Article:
Documenting Disappearing St. Louis Continues


So much of St. Louis's architectural heritage is being destroyed that blogging it is a full-time project. Tropolism favorites B.E.L.T. and Vanishing STL have enough content to post frequently, and with terrifying stories of destruction of great works by the likes of Samuel Marx. Add to this list the tireless Andrew Raimist's Architectural Ruminations, who has created an internet home to a little known (outside of St. Louis) architect from the early 20th Century, Harris Armstrong. Much to explore here, but much of it has already been torn down.

Photo from Andrew Raimist's great gallery.

T Is For

Architechnophilia has posted their handy alphabet list of architectural weblogs. T is for us, darn straight it is! A little self love is a good thing.

Tropolism Editor On Vision 2020


Tropolism's Editor, Chad Smith (aka me!) was asked to participate in Vision 2020, a set of small questions asked to a large pool of architects about the future of architecture. My answers are found here, and will hopefully be no surprise to regular readers of Tropolism. This will hopefully be the last time you see a picture of me in a post here, I don't like getting too meta.

The Newspaper Went To Rio


The New York Times went to Rio and had a blast! And, there is architecture down there. And not just in Rio. I know, this is kind of like when MoMA discovered that the Spanish were doing something between 1971-1992. But in this case the articles are about great design.

First is a landmark show about Roberto Burle Marx at the Paço Imperial Museum, the powerfully influential painter who happened to do most of his work in landscape architecture. Usually taking second credit to Oscar Niemeyer, Marx is given his due in this show as a brilliant artist who gave modernist landscape design a distinctively Brazilian identity. His work is explored both formally (where his inventiveness is as tireless and arcane as Gio Ponti's) and as it relates to the native plant species and environs of South America.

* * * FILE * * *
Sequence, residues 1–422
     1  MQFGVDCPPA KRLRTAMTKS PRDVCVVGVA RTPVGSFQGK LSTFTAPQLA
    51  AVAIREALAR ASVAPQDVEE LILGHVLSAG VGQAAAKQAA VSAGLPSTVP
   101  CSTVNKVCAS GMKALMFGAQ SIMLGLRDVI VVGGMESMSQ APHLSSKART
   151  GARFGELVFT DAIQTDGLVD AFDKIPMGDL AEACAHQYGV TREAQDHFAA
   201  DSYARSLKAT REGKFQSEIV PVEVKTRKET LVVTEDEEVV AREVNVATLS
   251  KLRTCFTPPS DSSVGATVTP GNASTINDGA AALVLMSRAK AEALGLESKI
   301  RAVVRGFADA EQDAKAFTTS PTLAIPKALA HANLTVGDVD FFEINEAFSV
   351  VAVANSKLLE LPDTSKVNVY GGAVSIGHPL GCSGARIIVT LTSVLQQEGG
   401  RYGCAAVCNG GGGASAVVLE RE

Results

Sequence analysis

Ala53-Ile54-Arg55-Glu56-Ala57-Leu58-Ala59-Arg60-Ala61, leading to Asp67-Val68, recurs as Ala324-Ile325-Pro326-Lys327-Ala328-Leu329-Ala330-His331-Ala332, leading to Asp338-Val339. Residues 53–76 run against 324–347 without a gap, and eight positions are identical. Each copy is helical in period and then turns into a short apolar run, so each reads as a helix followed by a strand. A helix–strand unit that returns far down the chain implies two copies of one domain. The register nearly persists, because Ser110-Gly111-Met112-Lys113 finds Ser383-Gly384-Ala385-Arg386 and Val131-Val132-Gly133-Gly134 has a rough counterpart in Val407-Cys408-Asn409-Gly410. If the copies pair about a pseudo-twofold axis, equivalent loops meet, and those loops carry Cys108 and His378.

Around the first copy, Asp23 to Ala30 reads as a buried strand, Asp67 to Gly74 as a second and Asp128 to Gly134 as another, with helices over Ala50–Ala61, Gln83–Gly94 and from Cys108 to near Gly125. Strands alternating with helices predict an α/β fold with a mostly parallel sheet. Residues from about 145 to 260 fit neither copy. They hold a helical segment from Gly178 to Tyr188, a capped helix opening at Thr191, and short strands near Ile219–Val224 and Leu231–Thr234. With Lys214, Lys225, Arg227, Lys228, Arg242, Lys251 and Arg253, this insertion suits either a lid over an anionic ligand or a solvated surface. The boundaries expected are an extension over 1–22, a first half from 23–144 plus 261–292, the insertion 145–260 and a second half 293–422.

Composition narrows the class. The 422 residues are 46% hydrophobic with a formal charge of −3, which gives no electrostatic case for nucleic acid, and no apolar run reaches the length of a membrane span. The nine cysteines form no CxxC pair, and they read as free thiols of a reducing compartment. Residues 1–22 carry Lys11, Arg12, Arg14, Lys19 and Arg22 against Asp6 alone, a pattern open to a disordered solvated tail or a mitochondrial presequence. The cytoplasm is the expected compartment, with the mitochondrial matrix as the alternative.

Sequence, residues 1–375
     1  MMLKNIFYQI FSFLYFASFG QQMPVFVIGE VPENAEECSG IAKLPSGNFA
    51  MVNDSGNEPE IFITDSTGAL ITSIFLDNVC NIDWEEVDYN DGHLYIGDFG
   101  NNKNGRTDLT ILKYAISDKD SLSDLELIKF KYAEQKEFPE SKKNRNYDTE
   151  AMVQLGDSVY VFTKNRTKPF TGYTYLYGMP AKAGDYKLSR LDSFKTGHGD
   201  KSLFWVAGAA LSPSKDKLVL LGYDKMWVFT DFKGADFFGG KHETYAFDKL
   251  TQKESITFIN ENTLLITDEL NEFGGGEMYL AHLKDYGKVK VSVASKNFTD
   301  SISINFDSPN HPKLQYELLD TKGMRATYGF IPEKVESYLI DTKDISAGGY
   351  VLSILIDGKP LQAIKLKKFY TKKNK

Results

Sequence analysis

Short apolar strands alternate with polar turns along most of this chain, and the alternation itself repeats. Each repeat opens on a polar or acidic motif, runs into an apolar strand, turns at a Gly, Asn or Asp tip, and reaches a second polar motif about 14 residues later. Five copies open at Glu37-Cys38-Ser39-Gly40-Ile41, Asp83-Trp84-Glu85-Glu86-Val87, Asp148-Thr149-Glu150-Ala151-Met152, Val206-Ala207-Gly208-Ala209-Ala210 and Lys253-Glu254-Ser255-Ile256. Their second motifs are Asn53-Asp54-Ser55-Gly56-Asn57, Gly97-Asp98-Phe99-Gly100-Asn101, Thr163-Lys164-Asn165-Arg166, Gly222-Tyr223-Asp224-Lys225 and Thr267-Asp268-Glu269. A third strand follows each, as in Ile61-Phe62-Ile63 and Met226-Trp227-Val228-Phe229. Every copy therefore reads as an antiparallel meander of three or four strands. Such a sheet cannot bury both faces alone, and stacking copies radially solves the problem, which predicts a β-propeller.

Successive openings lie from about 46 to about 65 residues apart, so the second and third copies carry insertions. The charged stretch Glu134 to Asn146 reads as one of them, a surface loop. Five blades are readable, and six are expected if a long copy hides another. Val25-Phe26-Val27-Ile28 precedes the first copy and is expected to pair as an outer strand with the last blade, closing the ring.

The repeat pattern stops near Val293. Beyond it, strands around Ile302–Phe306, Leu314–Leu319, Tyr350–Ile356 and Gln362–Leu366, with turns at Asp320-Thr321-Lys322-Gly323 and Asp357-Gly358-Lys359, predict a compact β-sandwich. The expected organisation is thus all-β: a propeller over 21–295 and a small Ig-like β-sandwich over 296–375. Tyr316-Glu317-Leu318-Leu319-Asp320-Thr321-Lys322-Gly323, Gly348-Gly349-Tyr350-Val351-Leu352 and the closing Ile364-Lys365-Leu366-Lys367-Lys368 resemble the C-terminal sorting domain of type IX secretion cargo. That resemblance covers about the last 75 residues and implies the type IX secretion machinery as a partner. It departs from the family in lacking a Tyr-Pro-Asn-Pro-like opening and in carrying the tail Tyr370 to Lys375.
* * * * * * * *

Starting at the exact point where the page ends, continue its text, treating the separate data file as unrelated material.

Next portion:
Second is a house not far from Rio that some rich vacationers renovated. They liked Brazil so much they decided to renovate it into their very own tropical mansion. It's like John Lautner was asked to build with a Kon-Tiki kit of parts. Which is to say it's so over the top almost-modern that we love it.

Tropolism Books: After The City, This (Is How We Live)

Title: After The City, This (Is How We Live)

Author: Tom Marble

Book Designer: Juliet Bellocq

Publication Date: December 2008

Publisher: RAM Publications and the Los Angeles Forum for Architecture and Urban Design

ISBN: 978-0-9763166-4-0

This book is available through the Los Angeles Forum for Architecture and Urban Design's website. This book is not yet available at Amazon.

Review by John Southern.

In every dream home a heartache